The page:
Jun 27, 2017

The 40 Years of Comics Project - Day 853: Omega the Unknown #2, May 1976


The second issue of Omega continues to be mysterious and strange, and more and more as I read it it reminds me of a 90s Vertigo superhero comic, albeit with the very, very Seventies use of the second-person caption box (i.e., the narrative voice speaking directly to the character using the pronoun "you").

Both the Hulk and Electro show up in today's comic. In the initial issue, there was no real mention of any of the other Marvel U characters, and part of me thinks that the story might have benefited from not actually being a part of the Earth-616 continuity. It seems to be telling a very different kind of superhero story from the mainstream. On the other hand, the inclusion of Omega in the Marvel U allows us to hold the character and situation up in contrast to something like the X-Men or Avengers in terms of how it is treating the superhero and its relationship with both individuals and with the society it inhabits.

That said, the Hulk is not necessarily the best comparison in this case. Where Omega appears to be fulfilling a traditional superheroic role, the Hulk is quite far from that, at least in the incarnation that appears in this issue. I think a far better comparison might have been, in this era, the Defenders, whom Gerber was scripting at the time, or even someone like Captain America, whose history up to this point very often involved younger sidekicks. Part of the story, as confirmed in the text piece by Gerber in the first issue, is considering the relationship these sidekick characters have with the heroes they assist, and how the relationship might be envisioned when the hero is not completely, or at all, human. Not that James-Michael is a "normal" young man, but, as far as we know, he's still human, whereas Omega is...something else.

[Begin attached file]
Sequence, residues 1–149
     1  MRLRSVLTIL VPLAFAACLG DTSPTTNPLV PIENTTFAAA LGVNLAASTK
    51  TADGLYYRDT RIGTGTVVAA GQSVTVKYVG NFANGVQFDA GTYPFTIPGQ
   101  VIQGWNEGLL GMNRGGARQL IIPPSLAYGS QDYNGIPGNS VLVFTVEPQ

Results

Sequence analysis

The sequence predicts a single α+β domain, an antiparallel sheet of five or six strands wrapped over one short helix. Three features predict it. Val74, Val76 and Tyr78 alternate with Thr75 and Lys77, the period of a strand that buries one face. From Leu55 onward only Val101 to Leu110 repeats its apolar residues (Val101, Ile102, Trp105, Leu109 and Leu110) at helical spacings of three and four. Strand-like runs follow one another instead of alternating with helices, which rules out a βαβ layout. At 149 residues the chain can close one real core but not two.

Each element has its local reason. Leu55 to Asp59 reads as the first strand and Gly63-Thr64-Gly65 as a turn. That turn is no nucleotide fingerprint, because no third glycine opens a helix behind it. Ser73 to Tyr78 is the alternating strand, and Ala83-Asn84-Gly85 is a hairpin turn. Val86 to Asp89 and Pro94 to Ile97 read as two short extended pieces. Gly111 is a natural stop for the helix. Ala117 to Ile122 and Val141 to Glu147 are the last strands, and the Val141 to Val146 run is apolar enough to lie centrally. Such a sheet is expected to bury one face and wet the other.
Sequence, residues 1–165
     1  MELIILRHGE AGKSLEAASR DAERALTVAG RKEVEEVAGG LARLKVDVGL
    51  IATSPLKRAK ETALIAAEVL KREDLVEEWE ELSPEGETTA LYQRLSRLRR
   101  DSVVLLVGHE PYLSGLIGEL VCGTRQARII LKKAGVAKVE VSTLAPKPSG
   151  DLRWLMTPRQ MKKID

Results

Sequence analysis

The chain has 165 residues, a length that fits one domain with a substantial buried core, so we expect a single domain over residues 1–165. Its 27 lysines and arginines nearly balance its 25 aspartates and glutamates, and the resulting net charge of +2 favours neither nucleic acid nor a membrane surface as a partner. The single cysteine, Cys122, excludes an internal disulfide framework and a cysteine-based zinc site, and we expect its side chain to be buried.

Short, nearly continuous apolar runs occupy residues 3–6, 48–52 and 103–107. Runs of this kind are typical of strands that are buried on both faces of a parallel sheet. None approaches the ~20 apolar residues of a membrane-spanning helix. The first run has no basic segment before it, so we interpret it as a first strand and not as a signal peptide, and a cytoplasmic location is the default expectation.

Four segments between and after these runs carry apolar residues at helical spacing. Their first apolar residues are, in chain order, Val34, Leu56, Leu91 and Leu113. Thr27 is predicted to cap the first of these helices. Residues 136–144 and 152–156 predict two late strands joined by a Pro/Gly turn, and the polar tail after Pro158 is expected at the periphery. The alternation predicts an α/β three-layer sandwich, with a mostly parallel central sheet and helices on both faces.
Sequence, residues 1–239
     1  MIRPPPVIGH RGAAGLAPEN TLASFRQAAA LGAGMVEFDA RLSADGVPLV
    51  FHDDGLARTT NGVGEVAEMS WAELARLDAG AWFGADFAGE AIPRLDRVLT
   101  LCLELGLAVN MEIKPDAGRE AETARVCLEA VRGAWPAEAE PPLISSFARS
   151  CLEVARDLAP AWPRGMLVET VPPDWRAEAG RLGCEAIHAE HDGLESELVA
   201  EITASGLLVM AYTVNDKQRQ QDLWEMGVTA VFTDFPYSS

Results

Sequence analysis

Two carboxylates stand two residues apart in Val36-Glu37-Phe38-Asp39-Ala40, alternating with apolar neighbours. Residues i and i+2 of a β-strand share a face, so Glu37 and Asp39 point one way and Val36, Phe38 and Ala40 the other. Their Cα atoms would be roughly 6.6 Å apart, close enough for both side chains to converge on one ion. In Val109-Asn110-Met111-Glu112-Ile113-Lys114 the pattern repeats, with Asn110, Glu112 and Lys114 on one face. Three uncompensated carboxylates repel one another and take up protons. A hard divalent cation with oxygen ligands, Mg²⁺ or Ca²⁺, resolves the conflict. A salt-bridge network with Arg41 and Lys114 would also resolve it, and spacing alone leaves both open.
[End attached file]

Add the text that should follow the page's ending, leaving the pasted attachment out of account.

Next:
If I want to speculate a bit, I'm thinking that Omega is actually from the future, and James-Michael is either him as a young boy, or a template from which Omega will be created. Though, as I noted yesterday, the answer to this question, or the Gerber/Skrenes answer to this question, will likely never be told.

To be continued.

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